Mild CP may mean a child is clumsy.

Moderate CP may mean the child walks with a limp. He or she may need a special leg brace or a cane.

More severe CP can affect all parts of a child’s physical abilities.

A child with moderate or severe CP may have to use a wheelchair and other special equipment.

 

 

Cerebral palsy does not always cause serious disabilities. Usually, the greater the injury to the brain, the more severe the CP. However, CP doesn’t get worse over time, and most children with CP have a normal life span.

Stroke in young children often results in a movement disorder very similar to that resulting from cerebral palsy.

 

How is Cerebral Palsy diagnosed?

Doctors diagnose cerebral palsy by:

  • testing motor skills and reflexes,
  • looking into medical history, and
  • Employing a variety of specialized tests.

Although its symptoms may change over time, cerebral palsy by definition is not progressive, so if a patient shows additional medical issues, the problem may be something other than cerebral palsy.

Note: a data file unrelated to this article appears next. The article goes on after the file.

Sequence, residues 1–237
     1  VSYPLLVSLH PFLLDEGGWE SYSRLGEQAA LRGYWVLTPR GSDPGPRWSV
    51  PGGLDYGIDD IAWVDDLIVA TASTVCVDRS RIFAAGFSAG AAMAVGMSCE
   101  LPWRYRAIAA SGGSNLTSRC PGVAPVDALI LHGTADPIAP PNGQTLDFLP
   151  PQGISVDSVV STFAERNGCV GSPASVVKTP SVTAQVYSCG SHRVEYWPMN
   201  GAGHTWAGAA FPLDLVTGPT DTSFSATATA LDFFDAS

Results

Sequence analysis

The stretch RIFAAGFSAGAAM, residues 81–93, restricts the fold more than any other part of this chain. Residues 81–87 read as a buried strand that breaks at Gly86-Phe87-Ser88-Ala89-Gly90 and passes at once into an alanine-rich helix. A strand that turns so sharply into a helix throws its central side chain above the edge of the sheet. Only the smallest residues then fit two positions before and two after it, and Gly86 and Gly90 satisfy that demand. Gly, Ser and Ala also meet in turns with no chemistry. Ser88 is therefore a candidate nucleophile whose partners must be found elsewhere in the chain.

Types of Cerebral Palsy

  • Spastic Cerebral Palsy:
    • Spastic Quadriplegia,
    • Spastic Diplegia,
    • Spastic Hemiplegia
  • Athetoid Cerebral Palsy (Dyskinetic)
  • Ataxic Cerebral Palsy
  • Hypotonic cerebral palsy
  • Mixed

The movement problem

The Gross Motor Function Classification System (GMFCS) is used to describe the range of abilities in gross motor function seen in children with cerebral palsy.

  • It describes five levels of motor function, with an emphasis on abilities and limitations in the areas of sitting, standing, and walking.